1. Never hold your breath
Never hold your breath is one of the basic diving instructions to practice this sport safely, also the most important rule of scuba.
If you hold your breath, the air pressure in your lungs is certain, but as you float up and down, the water pressure around you will have a substantial change, when your lungs will rise and shrink like a balloon, in serious cases, direct lung bleeding. And your scuba tank to provide you with air and you exhale the air to ensure that the pressure in your lungs and the outside is roughly equal. You must continue to do normal breathing.
By the way, if the tank is out of air and needs to float in an emergency, you also need to open your mouth slightly and make a slight sound (hoarse ah sound like:ah... ah...), so as to ensure that the trachea is open and the air pressure in the lungs can be regulated without causing bleeding in the lungs.
Avoiding pulmonary barotrauma is easy; simply continue to breathe at all times.On the other hand, slow, deep and continuous breathing will help us reduce air consumption and precisely control buoyancy.
2.Always Ascend Slowly
In addition to not holding your breath, rising slowly from a dive is another primary rule of diving. Coming up quickly after a dive can cause "bends" or decompression sickness as the nitrogen is forced into the bloodstream. By coming up slowly from the dive and staying safely, the nitrogen in your body has a chance to dissipate and therefore will not cause harm.
3. Never Diving Alone
The old adage “when you dive alone, you die alone” exists for a reason. The majority of emergency skills rely on the presence of a buddy. For example, without the possibility of an alternate air source in an out-of-air situation, you have very few options. (So it’s also very necessary to wear a spare air source)
4.Double check all your scuba equipment.
Before diving, it is essential to check your scuba gear, or check the scuba equipment with your buddy each other, to make sure you all haven't missed anything, which is usually more effective than self-checking.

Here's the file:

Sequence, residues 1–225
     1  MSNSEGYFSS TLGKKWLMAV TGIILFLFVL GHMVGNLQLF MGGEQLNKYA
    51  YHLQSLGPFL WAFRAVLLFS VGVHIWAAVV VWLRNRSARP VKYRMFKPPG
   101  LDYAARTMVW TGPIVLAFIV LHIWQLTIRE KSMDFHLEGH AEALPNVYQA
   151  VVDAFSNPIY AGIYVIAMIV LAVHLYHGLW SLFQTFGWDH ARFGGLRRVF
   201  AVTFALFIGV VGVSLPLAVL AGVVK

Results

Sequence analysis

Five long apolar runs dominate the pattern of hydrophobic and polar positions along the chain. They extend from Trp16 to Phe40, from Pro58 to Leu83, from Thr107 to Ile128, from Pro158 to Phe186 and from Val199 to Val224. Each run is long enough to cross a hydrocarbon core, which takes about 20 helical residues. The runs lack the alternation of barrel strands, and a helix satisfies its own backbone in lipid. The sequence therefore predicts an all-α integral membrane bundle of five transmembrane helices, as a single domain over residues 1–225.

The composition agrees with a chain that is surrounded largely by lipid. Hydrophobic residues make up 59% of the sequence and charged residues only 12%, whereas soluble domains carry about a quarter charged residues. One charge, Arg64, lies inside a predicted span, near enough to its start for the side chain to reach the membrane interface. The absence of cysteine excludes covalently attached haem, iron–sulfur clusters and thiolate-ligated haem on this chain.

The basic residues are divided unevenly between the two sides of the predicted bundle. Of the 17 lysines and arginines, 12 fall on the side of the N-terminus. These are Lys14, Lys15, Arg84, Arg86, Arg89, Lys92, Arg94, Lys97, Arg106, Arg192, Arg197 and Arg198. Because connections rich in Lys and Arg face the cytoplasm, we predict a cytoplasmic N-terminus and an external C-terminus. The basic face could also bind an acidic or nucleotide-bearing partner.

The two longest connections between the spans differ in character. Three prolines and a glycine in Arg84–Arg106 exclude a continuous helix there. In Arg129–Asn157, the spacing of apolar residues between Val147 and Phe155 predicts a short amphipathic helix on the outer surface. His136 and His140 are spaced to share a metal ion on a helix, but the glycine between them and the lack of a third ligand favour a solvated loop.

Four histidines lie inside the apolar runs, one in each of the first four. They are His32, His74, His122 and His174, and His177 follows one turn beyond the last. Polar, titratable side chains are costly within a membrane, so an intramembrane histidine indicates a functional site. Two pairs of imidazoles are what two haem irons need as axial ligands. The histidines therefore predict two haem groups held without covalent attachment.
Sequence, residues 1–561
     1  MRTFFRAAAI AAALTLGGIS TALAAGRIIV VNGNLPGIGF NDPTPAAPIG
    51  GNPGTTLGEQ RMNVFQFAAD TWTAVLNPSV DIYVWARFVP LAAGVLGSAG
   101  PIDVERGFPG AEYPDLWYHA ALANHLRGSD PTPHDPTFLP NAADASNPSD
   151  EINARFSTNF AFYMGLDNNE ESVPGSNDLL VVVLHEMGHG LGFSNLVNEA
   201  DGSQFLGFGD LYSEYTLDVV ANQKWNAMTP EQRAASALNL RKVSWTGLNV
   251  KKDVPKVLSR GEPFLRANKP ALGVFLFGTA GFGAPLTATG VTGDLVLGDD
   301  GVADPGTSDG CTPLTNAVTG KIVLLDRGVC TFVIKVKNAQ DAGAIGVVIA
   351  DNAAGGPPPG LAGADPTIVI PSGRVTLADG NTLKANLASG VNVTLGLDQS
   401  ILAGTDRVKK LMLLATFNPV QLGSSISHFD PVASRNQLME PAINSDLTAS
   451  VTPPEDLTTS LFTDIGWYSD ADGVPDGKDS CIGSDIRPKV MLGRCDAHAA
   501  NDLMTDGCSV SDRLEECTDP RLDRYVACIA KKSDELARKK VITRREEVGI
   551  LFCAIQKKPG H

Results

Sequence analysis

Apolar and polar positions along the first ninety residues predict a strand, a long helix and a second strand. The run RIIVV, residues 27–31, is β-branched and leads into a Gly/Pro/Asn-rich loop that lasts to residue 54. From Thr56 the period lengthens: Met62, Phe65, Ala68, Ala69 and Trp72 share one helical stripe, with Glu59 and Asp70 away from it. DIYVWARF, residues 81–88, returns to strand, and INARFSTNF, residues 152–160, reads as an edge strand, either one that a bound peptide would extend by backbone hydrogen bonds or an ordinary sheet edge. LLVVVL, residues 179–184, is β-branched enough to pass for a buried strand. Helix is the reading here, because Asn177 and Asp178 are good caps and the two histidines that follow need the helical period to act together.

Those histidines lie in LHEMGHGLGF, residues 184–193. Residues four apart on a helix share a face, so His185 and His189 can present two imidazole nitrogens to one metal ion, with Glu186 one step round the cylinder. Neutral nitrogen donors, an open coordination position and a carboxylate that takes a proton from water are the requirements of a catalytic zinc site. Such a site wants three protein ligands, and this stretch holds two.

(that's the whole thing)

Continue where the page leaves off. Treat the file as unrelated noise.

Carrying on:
5. Keep an eye on your Gauge
You need to know when your tank is half full and quarter full so you can plan your return to the water accordingly. Always be responsible for your air consumption.Essentially, you should always factor a margin that leaves enough air for a slow ascent and a safety stop.
6. Ensure in a stable state
Diving should be fun, Never put yourself in an uncomfortable situation. If you are not physically or mentally capable of diving, or if you feel that the conditions on the day are unsafe, then you should consider whether to still dive.
7. Dive within your limits
8. Remember Your Objective
The primary objective of every dive is for everyone to come back safely. Do not let secondary objectives, like photographing a certain species or seeing a specific part of a wreck, get in the way of remembering your primary objective.
9. Get proper dive specialty training before diving
Proper training can make you more comfortable underwater, which is the key to safe diving. Don't rely on your dive instructor too much, until a life-threatening situation arises, only you can save yourself.
10.Do not dive in these situations
Do not drink alcohol before diving, and do not dive after catching a cold or taking cold medicine
Drinking alcohol can lead to dehydration of the brain due to alcohol consumption and can cause symptoms such as headache and dizziness. Also, drinking alcohol may cause vomiting that leads to choking. In serious cases, drinking alcohol can cause excessive heart pressure or water loss. Cold medicine has the side effect of making people dizzy, so do not dive after taking cold medicine.
11. Don't Fly Until at Least 24 Hours After a Dive
Due to the excess nitrogen in your system, it's important not to fly until at least 24 hours after your last dive. (Some agencies specify 18 hours, but 24 remains the norm). Flying in a pressurized environment can cause decompression sickness if time is not allowed beforehand for the nitrogen to dissipate.
In addition to the above, there are many other details that need attention in diving, not listed here
Staying safe while diving is simple. With careful preparation, common sense and skill confidence, the potential risks are effectively minimized. Following these rules and the other guidelines of your training not only keeps you safe, but also allows you to relax and have fun. And that, after all, is why you go diving in the first place.